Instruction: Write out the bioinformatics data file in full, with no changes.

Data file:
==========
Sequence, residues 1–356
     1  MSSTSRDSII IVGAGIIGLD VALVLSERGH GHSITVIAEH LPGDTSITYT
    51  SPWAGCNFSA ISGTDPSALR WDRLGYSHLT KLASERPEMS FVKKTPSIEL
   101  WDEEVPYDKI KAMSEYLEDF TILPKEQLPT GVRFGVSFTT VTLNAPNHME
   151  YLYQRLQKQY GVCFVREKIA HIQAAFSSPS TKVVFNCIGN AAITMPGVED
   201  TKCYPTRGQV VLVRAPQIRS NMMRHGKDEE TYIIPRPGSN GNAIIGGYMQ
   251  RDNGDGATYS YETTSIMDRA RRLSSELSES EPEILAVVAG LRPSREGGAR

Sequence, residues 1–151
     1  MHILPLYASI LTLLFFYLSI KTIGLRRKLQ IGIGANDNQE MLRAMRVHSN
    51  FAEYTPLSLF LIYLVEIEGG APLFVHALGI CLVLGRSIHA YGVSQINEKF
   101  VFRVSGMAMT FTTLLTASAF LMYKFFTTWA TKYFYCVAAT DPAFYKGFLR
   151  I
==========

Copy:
Sequence, residues 1–356
     1  MSSTSRDSII IVGAGIIGLD VALVLSERGH GHSITVIAEH LPGDTSITYT
    51  SPWAGCNFSA ISGTDPSALR WDRLGYSHLT KLASERPEMS FVKKTPSIEL
   101  WDEEVPYDKI KAMSEYLEDF TILPKEQLPT GVRFGVSFTT VTLNAPNHME
   151  YLYQRLQKQY GVCFVREKIA HIQAAFSSPS TKVVFNCIGN AAITMPGVED
   201  TKCYPTRGQV VLVRAPQIRS NMMRHGKDEE TYIIPRPGSN GNAIIGGYMQ
   251  RDNGDGATYS YETTSIMDRA RRLSSELSES EPEILAVVAG LRPSREGGAR

Sequence, residues 1–151
     1  MHILPLYASI LTLLFFYLSI KTIGLRRKLQ IGIGANDNQE MLRAMRVHSN
    51  FAEYTPLSLF LIYLVEIEGG APLFVHALGI CLVLGRSIHA YGVSQINEKF
   101  VFRVSGMAMT FTTLLTASAF LMYKFFTTWA TKYFYCVAAT DPAFYKGFLR
   151  I